Thursday, April 5, 2018

Using decision tree technology in clinical legal education as an alternative to traditional pedagogy to reduce professional errors

This is a new article by Professor Timothy Tarvin (Arkansas) called Combating Professional Error in Bankruptcy Analysis Through the Design and Use of Decision Trees in Clinical Pedagogy and can be found at 91 St. John's L. Rev. 427 (2017). Here's an excerpt from the intro:

The evolution of legal education has been punctuated by dynamic change, but its focus has always been teaching analytical reasoning. “Thinking like a lawyer” is the gold standard and goal of legal education, regardless of the methodology. In the modern era, this goal has been denounced as too modest. As increasing numbers of beginning practitioners have discovered that they lack the practical skills they need, there has been an outcry from the bar for educational reform that has manifested itself in studies, commentaries and revised curriculi. The studies and commentaries call for supplemental training in analytical reasoning and opportunities for experiential education, including the use of new technology in the practice of law. The call for curricular changes expresses a professional need for new graduates to be practice ready and proficient. This Article explores the changing needs of the profession, the crisis in malpractice claims, the new demands being placed on legal academia, and the challenges faced by legal educators. The author's thesis is that the design and use of a decision tree for bankruptcy analysis can reduce or prevent professional error when used properly in clinical pedagogy.


A half century ago, the notion that decision tree software would guide a user through a series of questions and illuminate the critical issues in the legal analysis of a client's problem would have been considered science fiction. Now it is a reality, and the potential to harness this technology as an educational tool is ripe. This Article proposes the design and use of a decision tree algorithm that presents a data driven sequence of questions to guide the user towards an optimal recommendation regarding whether to file Chapter 7 consumer bankruptcy.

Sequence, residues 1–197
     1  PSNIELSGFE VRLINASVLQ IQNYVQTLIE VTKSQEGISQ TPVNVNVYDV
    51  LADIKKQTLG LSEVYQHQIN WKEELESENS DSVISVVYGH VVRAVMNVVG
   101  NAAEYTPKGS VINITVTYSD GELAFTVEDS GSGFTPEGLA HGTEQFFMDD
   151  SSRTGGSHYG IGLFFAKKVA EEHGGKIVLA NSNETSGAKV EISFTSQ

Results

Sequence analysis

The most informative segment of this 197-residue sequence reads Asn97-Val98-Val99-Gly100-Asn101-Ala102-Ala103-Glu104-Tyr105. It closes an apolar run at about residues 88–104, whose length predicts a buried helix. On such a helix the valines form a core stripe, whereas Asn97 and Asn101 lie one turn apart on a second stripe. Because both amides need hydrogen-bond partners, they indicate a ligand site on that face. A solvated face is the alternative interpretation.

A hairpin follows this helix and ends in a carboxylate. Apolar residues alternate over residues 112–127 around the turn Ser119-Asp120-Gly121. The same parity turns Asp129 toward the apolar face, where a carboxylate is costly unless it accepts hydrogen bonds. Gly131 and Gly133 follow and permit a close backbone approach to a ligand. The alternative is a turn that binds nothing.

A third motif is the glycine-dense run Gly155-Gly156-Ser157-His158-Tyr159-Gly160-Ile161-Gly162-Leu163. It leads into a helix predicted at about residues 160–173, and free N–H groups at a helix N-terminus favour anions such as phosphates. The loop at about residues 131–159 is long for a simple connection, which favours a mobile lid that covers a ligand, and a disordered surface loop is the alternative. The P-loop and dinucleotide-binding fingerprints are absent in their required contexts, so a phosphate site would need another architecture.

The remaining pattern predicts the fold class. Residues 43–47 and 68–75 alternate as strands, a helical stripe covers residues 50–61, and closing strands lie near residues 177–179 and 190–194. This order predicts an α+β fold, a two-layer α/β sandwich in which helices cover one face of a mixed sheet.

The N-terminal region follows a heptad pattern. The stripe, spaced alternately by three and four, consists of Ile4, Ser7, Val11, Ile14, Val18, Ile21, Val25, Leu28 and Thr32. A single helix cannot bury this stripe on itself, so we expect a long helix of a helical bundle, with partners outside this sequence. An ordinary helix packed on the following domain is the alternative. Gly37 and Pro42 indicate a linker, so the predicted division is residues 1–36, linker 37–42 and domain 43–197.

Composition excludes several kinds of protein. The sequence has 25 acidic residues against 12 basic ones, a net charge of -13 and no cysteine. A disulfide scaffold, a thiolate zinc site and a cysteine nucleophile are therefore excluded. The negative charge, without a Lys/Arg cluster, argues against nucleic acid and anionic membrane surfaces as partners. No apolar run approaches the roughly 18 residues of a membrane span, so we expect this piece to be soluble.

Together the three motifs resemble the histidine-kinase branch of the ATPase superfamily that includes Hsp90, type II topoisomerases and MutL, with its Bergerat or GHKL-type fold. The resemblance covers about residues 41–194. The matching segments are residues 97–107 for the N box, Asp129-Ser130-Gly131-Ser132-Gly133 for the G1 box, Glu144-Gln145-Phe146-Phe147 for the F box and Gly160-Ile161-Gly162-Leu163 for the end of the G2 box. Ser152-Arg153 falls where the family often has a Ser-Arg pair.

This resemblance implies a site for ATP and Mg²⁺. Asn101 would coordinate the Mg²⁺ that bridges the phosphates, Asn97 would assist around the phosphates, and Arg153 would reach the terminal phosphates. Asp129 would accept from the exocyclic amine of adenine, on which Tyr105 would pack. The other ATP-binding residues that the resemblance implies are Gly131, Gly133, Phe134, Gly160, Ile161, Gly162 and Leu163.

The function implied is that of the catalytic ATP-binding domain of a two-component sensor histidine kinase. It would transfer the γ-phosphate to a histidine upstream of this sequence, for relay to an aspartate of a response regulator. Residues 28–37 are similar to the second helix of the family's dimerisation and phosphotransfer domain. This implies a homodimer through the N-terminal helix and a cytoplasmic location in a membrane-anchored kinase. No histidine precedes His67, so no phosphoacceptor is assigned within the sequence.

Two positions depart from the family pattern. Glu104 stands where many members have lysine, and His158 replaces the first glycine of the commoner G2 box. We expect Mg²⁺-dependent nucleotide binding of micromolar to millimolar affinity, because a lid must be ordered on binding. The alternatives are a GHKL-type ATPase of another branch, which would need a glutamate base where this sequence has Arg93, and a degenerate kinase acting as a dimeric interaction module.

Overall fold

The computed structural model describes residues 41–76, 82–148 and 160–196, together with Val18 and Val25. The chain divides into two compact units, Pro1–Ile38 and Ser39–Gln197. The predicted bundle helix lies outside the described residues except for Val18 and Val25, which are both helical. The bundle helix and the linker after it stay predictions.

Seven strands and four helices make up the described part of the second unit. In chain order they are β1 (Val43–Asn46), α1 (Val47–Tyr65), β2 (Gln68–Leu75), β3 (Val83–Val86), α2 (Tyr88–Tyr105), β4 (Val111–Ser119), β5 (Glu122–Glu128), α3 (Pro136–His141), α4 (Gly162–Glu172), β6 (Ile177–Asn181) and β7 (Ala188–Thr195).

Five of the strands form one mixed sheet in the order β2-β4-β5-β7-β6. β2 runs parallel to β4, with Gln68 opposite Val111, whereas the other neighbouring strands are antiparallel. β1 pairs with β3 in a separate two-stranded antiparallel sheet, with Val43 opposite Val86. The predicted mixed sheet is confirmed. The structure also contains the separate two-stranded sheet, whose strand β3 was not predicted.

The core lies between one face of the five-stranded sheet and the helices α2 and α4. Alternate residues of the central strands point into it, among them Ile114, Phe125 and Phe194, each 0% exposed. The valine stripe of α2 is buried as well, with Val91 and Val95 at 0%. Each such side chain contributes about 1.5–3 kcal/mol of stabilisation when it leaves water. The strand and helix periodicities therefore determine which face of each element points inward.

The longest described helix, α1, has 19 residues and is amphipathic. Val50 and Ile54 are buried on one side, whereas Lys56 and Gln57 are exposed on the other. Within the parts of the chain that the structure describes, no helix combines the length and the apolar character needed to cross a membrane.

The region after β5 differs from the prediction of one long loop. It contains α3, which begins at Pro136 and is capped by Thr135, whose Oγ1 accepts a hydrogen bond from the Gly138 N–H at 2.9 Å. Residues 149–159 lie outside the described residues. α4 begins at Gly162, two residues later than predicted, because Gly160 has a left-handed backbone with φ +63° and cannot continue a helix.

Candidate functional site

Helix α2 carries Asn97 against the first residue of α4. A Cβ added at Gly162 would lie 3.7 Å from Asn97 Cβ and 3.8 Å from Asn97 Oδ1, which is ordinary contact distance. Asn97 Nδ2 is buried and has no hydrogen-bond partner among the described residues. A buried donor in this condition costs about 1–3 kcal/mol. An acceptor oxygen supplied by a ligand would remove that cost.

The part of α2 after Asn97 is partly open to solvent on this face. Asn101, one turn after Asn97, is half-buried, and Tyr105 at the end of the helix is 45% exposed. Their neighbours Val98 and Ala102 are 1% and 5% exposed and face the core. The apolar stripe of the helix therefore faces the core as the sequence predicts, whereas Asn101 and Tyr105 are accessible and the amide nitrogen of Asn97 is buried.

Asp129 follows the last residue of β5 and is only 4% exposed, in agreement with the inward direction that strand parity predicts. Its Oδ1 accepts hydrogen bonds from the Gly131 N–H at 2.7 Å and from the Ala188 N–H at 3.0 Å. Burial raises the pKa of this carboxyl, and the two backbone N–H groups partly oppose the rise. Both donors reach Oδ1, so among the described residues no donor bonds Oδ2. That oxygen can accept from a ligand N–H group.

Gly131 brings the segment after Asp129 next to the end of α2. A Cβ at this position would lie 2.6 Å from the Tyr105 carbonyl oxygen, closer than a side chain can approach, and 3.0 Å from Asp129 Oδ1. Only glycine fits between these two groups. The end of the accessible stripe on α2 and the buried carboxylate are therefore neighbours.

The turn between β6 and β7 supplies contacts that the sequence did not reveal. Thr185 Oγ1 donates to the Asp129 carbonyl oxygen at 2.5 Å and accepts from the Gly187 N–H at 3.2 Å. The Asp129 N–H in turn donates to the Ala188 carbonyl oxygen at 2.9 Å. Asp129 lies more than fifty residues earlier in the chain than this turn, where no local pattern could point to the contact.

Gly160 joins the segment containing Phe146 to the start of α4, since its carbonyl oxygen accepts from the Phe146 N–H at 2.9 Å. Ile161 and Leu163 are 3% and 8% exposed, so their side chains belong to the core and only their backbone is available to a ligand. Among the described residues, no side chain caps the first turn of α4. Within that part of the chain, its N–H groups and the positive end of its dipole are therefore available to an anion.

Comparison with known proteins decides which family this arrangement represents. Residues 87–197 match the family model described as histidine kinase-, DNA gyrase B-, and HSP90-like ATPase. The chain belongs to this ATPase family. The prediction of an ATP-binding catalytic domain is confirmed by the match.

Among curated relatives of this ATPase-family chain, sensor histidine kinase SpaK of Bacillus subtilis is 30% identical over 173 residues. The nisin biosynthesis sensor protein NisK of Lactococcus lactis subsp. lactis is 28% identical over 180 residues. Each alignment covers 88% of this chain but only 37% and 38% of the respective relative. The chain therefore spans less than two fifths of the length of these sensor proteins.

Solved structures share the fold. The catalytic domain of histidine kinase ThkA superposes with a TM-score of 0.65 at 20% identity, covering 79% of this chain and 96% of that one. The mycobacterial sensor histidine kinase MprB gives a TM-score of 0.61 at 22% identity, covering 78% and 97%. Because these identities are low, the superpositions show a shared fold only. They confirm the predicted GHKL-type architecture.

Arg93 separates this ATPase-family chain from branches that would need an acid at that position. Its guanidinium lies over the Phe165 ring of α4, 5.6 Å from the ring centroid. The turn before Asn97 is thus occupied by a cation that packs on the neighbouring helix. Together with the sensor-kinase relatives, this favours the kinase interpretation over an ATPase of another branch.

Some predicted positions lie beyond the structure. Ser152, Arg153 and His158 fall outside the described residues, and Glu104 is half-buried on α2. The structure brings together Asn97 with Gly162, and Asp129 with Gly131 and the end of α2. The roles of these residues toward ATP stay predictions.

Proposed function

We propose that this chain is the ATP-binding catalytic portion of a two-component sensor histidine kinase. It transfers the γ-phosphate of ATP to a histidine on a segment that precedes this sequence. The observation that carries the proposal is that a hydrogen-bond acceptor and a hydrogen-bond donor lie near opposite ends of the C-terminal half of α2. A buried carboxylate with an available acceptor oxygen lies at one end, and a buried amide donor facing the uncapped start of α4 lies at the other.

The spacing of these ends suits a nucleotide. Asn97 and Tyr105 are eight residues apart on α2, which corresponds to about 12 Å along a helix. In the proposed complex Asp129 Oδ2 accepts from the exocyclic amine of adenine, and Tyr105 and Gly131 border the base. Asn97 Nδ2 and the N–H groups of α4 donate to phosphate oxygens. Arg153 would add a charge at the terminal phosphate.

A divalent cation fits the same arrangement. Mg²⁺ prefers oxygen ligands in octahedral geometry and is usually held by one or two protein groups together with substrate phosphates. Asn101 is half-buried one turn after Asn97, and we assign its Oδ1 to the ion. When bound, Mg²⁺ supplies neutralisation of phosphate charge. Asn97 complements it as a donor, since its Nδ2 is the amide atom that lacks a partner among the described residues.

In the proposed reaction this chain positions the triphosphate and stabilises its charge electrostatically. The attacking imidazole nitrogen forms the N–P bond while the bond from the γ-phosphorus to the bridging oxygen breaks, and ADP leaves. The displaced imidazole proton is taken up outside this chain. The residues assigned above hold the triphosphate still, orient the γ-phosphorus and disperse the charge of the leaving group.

Prior to the advent of decision trees and other forms of branching logic, the essential questions related to legal analysis could be reduced to checklists or other written documents. Lawyers, judges, and professors memorized questions that were key to analyzing the most common legal problems through sheer repetition. In the digital age, attorneys can learn the same information with the added safeguard of a decision tree application that replicates the sequence of questions required in legal analysis.


The decision tree works well in the clinical setting because it is propositional. In other words, the decision tree is designed to introduce a logical series of propositions in the form of syllogisms. This format, represented as “if this, then that,” drives the process forward. The construction of the decision tree is designed to allow the sequence of questions to vary according to the responses chosen. The decision tree is conversational because its format engages users in an interactive exchange that directs the user towards a conclusion based on the responses supplied.


The uses and benefits of this decision tree technology in the clinical setting include: (1) protecting clients and students from professional error, (2) teaching students critical issues in legal analysis, (3) assisting clinical faculty in supervision, (4) improving risk management, (5) promoting access to justice, (6) fostering judicial economy, and (7) rehabilitating and reclaiming the image of lawyers as honored professionals. The prototype includes the questions to be posed, the universe of responses, and links to the relevant legal authority. The user's ability to analyze a given issue is either confirmed or corrected by the decision tree.

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